Epistemologists working traditional modes have sought to discover the necessary and sufficient conditions under which one has knowledge. This has led to several tricky philosophical problems. Perhaps most notorious of these are the problems concerning skepticism. It seems that any analysis of knowledge admits of cases where the analysis is satisfied and yet knowledge has not been secured. This has led some philosophers to seek some other starting point for epistemology. Perhaps one should begin with the anti-skeptical premise that there are clear cases of knowledge, and then attempt from there to provide analyses of its constituent elements – belief, justification, evidence, and so on. Alas, this approach also has invited difficulties.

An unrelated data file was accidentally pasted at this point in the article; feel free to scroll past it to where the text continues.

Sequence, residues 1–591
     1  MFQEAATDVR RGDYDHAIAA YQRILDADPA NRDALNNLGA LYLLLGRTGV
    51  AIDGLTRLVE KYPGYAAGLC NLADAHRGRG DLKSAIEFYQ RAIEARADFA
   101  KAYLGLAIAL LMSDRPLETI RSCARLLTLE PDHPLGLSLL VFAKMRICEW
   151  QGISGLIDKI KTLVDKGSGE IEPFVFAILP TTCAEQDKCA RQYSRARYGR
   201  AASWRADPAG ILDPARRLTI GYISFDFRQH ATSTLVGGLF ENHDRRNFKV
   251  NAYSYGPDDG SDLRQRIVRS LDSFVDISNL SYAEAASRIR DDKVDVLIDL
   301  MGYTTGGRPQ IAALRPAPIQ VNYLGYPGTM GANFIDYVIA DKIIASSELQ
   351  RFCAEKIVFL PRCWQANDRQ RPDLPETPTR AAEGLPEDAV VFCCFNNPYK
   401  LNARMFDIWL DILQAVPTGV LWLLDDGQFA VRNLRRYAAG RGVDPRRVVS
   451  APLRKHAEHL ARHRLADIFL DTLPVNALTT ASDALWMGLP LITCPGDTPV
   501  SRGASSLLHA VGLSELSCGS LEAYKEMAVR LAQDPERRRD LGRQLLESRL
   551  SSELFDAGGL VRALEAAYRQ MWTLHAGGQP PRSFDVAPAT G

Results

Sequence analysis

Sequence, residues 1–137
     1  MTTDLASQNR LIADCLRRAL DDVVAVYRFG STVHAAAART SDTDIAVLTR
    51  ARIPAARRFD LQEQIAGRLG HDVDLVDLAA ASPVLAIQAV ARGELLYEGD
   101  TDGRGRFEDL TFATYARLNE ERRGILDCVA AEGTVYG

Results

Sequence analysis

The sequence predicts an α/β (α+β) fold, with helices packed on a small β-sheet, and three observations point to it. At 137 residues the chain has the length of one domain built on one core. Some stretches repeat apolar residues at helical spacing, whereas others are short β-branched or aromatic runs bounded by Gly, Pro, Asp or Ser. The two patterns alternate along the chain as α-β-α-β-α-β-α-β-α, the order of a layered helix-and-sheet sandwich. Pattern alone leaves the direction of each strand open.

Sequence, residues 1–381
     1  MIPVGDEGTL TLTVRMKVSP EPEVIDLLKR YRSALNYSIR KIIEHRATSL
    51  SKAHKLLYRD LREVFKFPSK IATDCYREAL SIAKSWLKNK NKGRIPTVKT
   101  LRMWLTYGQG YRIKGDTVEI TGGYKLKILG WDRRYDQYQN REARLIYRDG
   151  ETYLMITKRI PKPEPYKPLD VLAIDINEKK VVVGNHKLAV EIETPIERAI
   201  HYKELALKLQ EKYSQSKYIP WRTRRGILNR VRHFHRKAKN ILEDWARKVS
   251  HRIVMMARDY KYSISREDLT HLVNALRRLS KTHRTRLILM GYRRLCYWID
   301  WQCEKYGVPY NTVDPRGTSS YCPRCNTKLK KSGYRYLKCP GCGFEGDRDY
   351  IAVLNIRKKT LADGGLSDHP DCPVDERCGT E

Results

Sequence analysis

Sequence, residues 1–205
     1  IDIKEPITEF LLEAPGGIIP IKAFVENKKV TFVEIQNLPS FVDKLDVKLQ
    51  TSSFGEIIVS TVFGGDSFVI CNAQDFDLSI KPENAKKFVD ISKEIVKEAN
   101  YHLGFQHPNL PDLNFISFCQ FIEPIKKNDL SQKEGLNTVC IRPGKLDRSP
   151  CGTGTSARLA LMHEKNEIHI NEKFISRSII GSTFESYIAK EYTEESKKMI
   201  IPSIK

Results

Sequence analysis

In What's the Point of Knowledge? A Function-First Epistemology
(Oxford University Press, 2019), Michael Hannon
takes a different approach. He argues that the place to begin in epistemology is with the question of the function of knowledge. Or, more precisely, he proposes to begin with an examination of the function of the concept of knowledge, the purpose for the sake of which we evaluate others as knowers. The result is a “function-first” epistemology.